What is the Difference Between PNP and NPN Configurations?

    Posted by Mike Basile

    Jul 28, 2017 5:00:00 PM

    Read Time: 2 Minutes, 30 Seconds FUSIONOEMCOLOR (468).jpg

    When it comes to solid state devices, such as PLC transistor outputs and sensors, the concept of PNP and NPN configurations can be easily confused. The difference between these two configurations is simply the direction in which current flows.

    When a PNP PLC output is on, positive current flows from the output terminal on the PLC, to the output device and then to ground to complete the circuit. PNP outputs can be thought of as a switch placed between the positive terminal of a battery and a light bulb with the other side of the light bulb connected to the negative terminal of the battery. With the PNP configuration, the output device (the light bulb in the analogy) is always provided a path to ground (the negative side of the terminal in the analogy), and is turned on and off when the PLC output provides a path or blocks the path for current to flow from the positive voltage to the output terminal. Since the PNP output is the source of the output device’s current, PNP outputs are also known as “sourcing” outputs.

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    Figure 1-PNP Switch and PLC Circuit Equivalents

    When an NPN PLC output is on, positive current flows through the output device and then to the output terminal on the PLC, where it returns to ground to complete the circuit. NPN outputs can be thought of as a switch connected between the negative terminal of a battery and a lightbulb with the other side of the lightbulb connected to the positive terminal of the battery. With the NPN configuration, the output device is always provided a positive voltage and is turned on an off when the PLC output provides a path or blocks the path for current to flow from the output terminal to ground. Since the NPN output “sinks” the output device’s current to ground, NPN outputs are also known as “sinking” outputs.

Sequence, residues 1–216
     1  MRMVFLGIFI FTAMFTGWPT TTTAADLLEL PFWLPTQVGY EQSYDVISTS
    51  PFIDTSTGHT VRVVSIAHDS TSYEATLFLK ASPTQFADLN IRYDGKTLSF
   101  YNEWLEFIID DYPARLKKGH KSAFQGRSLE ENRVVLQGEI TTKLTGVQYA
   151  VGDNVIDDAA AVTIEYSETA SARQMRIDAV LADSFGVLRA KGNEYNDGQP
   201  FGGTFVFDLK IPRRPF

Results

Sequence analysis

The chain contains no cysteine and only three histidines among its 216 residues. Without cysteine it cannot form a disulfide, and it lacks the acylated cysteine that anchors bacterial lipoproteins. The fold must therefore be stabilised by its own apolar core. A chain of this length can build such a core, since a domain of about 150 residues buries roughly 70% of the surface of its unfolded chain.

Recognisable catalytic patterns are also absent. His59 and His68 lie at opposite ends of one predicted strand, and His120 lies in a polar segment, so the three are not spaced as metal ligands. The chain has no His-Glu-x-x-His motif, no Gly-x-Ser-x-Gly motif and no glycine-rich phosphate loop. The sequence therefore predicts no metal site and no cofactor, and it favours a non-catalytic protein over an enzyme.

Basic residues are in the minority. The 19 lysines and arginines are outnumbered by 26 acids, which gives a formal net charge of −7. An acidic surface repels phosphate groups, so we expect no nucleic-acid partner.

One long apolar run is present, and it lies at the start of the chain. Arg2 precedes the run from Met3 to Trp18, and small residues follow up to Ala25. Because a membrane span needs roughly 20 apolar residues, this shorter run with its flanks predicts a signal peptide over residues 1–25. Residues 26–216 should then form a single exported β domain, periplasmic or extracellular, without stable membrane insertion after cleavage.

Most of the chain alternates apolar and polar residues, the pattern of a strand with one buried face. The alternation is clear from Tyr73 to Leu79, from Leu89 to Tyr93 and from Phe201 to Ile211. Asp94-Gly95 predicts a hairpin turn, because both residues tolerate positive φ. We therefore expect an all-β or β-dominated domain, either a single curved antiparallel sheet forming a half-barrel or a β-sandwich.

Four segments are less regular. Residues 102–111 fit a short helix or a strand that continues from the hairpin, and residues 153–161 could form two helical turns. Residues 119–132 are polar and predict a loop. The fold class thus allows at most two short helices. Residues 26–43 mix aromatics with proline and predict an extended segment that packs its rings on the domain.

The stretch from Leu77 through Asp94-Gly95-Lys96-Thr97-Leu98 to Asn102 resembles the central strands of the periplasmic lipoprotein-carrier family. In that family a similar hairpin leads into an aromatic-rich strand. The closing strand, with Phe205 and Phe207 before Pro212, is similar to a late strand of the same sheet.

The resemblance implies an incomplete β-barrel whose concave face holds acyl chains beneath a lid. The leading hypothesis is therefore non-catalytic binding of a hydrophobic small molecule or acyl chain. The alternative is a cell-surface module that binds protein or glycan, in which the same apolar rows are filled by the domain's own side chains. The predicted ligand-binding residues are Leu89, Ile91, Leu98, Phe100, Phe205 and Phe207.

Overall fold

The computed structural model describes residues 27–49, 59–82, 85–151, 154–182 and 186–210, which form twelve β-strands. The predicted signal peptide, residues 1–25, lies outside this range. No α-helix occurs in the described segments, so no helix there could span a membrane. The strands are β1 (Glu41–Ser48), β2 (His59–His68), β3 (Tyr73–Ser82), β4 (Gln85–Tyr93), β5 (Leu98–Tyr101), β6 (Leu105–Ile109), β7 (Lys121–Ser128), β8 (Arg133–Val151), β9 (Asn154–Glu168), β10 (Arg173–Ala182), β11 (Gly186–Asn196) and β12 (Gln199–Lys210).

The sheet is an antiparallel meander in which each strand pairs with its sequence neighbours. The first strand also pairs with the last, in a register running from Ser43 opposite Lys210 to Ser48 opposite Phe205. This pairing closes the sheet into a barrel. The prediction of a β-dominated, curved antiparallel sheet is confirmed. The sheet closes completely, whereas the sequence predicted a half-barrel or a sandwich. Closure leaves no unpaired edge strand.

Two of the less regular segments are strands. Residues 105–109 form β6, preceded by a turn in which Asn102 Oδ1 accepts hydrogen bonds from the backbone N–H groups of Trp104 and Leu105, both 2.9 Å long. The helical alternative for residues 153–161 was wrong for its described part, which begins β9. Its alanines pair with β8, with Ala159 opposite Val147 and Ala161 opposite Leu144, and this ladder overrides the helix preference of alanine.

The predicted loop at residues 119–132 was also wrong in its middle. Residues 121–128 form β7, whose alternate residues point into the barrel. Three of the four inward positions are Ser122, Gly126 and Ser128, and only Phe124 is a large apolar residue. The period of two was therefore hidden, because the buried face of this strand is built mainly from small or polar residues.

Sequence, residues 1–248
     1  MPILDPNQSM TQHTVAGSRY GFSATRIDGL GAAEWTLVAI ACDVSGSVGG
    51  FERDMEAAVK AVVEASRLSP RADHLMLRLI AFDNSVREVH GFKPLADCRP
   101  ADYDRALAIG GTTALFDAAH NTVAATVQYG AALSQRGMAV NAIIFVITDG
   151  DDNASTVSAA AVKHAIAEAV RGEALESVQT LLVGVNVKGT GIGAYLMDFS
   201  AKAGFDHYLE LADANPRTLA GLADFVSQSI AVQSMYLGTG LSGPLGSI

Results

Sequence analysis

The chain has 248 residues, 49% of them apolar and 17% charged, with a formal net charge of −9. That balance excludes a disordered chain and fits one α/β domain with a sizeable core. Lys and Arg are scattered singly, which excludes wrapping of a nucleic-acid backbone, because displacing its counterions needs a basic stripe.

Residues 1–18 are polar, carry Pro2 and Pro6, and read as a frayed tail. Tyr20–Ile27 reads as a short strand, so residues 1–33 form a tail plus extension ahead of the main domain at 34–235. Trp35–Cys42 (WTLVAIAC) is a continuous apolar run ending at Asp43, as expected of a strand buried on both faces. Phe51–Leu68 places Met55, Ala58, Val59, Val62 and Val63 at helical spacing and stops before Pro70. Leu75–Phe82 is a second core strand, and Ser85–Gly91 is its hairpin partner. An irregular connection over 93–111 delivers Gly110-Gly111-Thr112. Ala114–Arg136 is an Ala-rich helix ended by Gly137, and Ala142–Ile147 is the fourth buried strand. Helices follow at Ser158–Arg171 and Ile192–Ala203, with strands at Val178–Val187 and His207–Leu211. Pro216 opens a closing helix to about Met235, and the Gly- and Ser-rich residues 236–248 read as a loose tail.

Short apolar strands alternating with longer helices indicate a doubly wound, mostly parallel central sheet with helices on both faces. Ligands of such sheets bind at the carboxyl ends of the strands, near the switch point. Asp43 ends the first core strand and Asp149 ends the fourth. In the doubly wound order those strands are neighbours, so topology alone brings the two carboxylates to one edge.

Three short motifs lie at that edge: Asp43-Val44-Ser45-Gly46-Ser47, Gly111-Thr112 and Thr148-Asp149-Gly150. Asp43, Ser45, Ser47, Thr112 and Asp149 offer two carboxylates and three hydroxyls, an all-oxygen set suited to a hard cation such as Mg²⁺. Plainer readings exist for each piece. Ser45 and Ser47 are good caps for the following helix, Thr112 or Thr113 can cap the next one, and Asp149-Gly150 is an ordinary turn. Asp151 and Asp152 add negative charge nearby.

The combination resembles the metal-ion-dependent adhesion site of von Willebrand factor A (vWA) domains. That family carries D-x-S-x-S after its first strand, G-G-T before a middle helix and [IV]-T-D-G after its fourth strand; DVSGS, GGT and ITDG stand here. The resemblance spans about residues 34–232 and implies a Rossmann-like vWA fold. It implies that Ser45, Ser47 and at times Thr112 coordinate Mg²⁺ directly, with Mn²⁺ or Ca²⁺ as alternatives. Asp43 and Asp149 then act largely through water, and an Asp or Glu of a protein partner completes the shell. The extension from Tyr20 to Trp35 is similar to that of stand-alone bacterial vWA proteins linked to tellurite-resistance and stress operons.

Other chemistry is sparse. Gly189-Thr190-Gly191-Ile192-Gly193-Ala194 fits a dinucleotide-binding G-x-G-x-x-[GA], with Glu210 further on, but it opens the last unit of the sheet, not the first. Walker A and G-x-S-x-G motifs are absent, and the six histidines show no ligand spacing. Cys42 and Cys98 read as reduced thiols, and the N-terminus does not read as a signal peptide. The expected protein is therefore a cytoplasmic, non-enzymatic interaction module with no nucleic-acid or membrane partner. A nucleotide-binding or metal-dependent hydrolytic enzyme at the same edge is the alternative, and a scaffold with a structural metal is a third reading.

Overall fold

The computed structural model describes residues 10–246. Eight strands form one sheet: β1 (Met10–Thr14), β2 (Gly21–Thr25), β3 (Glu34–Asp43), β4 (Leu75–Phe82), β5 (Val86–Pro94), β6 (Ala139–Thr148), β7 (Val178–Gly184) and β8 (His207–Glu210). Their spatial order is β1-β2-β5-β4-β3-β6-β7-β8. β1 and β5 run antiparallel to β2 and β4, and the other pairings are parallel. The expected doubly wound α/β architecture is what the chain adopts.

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    Figure 2-NPN Switch and PLC Circuit Equivalents

    For sensors, PNP and NPN configurations are similar to PLC outputs. When the sensor detects an object, the sensor allows current to flow from positive voltage to the output wire, or from the output wire to ground, depending on the configuration of the sensor. For a PNP sensor, when an object is detected, current flows from positive voltage to the output wire which is connected to an output device which must have its other side connected to ground. When an NPN sensor detects an object, current it allowed to flow from the output wire to ground, so the output device must be connected on one end to positive voltage, and the output wire on the other end.

    Even though the concepts of NPN and PNP configurations can get confusing, you can always remember which signal is being “switched” by looking at which letter appears more in the name: PNP “switches” positive voltage because “P”, or positive appears twice, and NPN “switches” the ground signal because “N”, or negative, appears twice.

    Topics: engineering

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